Nonetheless, Lilly informs us that a void-of-course Moon can perform when in the domicile or exaltation of a benefic planet: Taurus, Cancer, Sagittarius or Pisces (CA 122). In this chart the Moon lies in Pisces, the home of Jupiter and exaltation of Venus, so Luna can “perform” in this part of the zodiac even when void of course. Thus, the astrologer need not be concerned in this case that the void of course Moon likely indicates a negative outcome.

There is yet another reason not to be concerned about the void of course Moon in this chart, namely, the partile aspect between the Moon and Mars, in which Mars receives the Moon by term, face and triplicity (Mars is one of three triplicity rulers of water signs). According to Lilly, a partile aspect between significators is a strong indication that the matter will definitely be concluded in a manner favorable or unfavorable to the querent, depending on the nature of the aspect and the planets involved. Lilly writes:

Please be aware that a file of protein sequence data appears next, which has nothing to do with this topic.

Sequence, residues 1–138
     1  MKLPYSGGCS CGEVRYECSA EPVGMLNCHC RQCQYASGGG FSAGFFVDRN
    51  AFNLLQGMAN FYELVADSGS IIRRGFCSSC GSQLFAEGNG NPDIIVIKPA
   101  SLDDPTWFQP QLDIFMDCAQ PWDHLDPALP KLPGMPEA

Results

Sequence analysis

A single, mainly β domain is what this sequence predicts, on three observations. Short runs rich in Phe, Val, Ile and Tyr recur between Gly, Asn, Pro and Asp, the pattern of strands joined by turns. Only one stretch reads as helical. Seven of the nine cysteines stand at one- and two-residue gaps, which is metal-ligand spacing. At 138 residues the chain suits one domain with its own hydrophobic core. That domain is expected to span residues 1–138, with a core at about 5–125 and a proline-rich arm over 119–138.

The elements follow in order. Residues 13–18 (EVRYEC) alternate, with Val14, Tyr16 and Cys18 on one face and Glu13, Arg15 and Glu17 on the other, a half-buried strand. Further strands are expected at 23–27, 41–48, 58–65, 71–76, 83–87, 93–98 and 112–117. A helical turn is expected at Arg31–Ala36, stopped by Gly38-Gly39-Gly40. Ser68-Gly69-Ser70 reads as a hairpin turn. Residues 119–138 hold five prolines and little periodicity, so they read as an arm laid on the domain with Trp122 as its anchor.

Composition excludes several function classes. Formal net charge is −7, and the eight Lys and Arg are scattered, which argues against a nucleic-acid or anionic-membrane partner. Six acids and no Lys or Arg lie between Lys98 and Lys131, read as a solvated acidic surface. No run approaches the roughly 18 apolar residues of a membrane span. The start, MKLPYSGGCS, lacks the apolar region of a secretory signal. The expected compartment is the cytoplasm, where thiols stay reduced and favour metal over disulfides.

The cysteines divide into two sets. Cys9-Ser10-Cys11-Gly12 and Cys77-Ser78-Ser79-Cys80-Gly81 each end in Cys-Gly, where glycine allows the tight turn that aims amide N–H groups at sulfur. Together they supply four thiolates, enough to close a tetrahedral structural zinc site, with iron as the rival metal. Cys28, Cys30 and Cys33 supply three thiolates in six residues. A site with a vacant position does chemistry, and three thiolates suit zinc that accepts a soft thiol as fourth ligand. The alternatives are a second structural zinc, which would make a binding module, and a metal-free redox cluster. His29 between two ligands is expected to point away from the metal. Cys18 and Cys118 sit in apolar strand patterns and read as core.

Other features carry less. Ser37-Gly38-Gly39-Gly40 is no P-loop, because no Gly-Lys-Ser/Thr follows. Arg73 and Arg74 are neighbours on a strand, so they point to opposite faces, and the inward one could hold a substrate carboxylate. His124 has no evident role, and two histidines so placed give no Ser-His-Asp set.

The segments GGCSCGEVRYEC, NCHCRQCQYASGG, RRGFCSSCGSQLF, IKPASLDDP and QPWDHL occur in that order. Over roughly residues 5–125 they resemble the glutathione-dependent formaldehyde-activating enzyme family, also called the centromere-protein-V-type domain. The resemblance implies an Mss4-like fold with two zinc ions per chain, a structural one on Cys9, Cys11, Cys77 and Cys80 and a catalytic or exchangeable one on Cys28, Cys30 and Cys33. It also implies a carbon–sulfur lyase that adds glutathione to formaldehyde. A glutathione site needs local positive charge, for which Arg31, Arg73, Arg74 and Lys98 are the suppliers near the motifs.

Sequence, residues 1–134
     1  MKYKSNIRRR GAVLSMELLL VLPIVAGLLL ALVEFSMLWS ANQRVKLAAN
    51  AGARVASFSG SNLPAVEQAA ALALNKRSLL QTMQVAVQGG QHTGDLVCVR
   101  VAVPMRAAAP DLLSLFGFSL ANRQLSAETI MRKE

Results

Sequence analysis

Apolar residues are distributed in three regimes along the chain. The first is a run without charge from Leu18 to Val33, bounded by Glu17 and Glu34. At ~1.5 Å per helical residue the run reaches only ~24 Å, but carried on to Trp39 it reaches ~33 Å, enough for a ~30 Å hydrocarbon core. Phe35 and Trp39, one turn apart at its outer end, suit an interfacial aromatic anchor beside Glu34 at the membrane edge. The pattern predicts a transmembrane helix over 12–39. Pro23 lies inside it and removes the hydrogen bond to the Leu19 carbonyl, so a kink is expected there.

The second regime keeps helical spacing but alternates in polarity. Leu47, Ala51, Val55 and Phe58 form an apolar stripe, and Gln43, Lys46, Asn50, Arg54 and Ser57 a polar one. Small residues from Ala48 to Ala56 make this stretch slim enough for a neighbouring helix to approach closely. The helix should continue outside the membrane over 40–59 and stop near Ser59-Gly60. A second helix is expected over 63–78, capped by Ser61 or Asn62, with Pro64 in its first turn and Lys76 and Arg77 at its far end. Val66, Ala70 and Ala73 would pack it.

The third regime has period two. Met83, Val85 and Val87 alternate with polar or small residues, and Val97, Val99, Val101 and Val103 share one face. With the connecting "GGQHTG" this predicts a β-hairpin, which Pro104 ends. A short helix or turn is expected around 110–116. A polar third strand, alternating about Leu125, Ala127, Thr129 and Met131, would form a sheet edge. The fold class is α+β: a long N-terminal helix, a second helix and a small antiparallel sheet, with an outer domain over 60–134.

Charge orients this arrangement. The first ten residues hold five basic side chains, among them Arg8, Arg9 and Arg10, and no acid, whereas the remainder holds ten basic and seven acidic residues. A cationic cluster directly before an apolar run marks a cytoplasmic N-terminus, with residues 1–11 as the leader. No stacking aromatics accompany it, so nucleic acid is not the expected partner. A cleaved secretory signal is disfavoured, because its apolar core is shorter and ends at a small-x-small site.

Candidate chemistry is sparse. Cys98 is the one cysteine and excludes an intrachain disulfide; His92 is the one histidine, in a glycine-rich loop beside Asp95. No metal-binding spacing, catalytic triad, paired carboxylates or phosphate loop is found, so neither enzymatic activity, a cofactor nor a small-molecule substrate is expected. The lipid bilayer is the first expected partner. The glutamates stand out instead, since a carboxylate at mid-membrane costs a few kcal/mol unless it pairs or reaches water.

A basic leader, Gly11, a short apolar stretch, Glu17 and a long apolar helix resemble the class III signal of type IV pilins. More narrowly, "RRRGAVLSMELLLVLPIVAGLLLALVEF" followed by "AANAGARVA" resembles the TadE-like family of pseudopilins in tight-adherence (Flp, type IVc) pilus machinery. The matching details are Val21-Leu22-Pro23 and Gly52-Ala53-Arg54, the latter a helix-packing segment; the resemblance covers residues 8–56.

Partill aspect is when two Planets are exactly so many degrees from each other as make a perfect aspect: as if Mercury be in nine degrees of Aries, and Jupiter in nine degrees of Leo, this is a Partill Trine aspect: So Sun in one degree of Taurus, and Moon in one degree of Cancer, make a Partill Sextile, and this is a strong sign or argument for performance of anything, or that the matter is neer hand concluded when the aspect is so partill, and signifies good; and it’s as much a sign of present evill when mischief is threatened.” (CA 106-107, highlighting mine)